Opinion: NCAA athletes should be seeing a larger share of money

Students built the reputation of schools, so they should be the first to get paid.


Illustration by Ivan Benavides

Ryan Lynch, Editor in Chief

The NCAA is a multi-billion-dollar nonprofit that does not pay its employees, and I’m not talking about the men and women in crisp office attire who manage the organization. I’m talking about the countless athletes who compete at one of the hundreds of schools that fall under the NCAA’s jurisdiction.

For college athletes, the case has been constantly made that for all the money and donors they bring to the school, an education at the university is enough compensation to justify the amount of time they put in.

On its website, the college athletes organizing body states, “The NCAA membership has adopted amateurism rules to ensure the students’ priority remains on obtaining a quality educational experience and that all of student-athletes are competing equitably.”

The problem with that rule is that between practicing every day, missing classes due to traveling and working on school work, students can’t take advantage of their education and deserve compensation to make up for it.

Here’s the case for student athletes to get a little extra pay.

Learning isn’t the focus

College athletes may be given access to tutors and have first priority when it comes to selecting classes around their athletic schedule, but they are not given scholarships to “play school.”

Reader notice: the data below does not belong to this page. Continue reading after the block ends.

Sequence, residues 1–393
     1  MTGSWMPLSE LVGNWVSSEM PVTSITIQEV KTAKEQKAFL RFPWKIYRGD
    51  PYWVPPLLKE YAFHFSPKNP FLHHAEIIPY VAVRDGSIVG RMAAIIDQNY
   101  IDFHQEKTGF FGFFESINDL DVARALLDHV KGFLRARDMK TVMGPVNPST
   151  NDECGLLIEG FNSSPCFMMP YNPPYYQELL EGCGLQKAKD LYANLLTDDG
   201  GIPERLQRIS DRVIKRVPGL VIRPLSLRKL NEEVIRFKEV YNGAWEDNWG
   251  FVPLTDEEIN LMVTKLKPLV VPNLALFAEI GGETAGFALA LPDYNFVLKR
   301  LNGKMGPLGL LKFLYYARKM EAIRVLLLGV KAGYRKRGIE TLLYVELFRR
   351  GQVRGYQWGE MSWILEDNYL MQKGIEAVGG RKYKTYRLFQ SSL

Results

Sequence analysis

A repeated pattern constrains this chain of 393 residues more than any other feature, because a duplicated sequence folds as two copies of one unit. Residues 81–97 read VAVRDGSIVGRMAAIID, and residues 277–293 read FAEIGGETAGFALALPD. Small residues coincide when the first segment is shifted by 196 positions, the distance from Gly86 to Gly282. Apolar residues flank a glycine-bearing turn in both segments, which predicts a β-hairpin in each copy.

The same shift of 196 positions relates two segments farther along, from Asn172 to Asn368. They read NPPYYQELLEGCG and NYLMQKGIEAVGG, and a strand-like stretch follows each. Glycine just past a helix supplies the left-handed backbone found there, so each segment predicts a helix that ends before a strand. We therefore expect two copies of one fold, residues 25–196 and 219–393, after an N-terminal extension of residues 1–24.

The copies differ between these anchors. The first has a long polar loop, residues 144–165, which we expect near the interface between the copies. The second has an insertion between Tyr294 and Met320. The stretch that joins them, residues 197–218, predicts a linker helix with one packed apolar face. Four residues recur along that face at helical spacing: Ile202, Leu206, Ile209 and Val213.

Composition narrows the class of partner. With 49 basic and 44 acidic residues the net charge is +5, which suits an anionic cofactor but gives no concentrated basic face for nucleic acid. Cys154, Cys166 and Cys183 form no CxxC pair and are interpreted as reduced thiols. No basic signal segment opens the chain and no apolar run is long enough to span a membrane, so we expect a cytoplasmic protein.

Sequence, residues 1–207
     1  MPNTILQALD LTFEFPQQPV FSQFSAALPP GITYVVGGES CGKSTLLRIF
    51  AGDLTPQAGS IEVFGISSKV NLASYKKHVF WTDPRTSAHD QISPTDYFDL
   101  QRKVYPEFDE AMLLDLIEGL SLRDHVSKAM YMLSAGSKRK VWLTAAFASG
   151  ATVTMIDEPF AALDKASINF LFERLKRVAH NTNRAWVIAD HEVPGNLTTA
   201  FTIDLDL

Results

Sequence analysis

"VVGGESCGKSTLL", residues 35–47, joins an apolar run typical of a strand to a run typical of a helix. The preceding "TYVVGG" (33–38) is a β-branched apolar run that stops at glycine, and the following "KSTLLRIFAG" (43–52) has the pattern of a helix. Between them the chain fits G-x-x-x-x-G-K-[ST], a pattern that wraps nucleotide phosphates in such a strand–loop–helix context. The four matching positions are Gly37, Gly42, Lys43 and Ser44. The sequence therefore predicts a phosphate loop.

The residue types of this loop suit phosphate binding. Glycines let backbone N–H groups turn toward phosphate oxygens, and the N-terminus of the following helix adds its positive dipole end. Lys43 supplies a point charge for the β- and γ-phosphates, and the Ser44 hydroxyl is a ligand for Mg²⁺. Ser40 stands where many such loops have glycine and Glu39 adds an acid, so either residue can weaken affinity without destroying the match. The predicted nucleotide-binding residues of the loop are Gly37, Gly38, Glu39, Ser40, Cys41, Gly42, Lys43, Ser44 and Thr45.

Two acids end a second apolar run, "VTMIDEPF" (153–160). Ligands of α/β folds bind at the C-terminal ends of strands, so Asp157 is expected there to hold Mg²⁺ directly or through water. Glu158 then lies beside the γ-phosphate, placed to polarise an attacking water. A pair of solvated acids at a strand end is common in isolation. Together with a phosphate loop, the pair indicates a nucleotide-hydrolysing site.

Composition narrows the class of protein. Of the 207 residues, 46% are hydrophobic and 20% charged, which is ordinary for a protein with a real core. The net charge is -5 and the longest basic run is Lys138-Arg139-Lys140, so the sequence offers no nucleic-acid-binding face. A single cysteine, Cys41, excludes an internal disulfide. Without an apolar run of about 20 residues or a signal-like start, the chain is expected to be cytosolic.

Athletes often take general studies majors that allow them to focus the majority of their time on their athletic careers. While there are exceptions to the rule — including athletes who take on graduate work while still playing — most do not have enough time to focus on both academics and athletics at the same time.

Using Florida Atlantic as an example, its most recent Graduate Success Rate — a measure of how many college athletes graduate within a six-year window — was listed at 79 percent for the 2015-16 year and ranked FAU 261 out of 351 schools.

While the GSR is the best ever in the school’s history, it should be much higher if FAU puts more of an emphasis on academics over athletics.

When players do well in the classroom, coaches can receive bonus money in their contracts.

According to former head football coach Charlie Partridge’s contract, he could have made up to $45,000 in a single season if his team had reached certain milestones, such as a team GPA being over 2.7 or ranking in the top 10 percentile for collegiate football teams in the nation.

The case could easily be made that this is unfair for students because they are generating money both on and off the field but do not see it directly. While some just dismiss it as a consequence of being in the system, I believe that the standard should be much higher than that.

Not being able to work

Most athletes do not have the time to get jobs on top of their course loads as they spend an NCAA mandated maximum of 20 hours per week on practice alone. Add coursework, games, mandatory community service opportunities and sleep to that, and suddenly there is a lot less room in an athlete’s schedule for a job.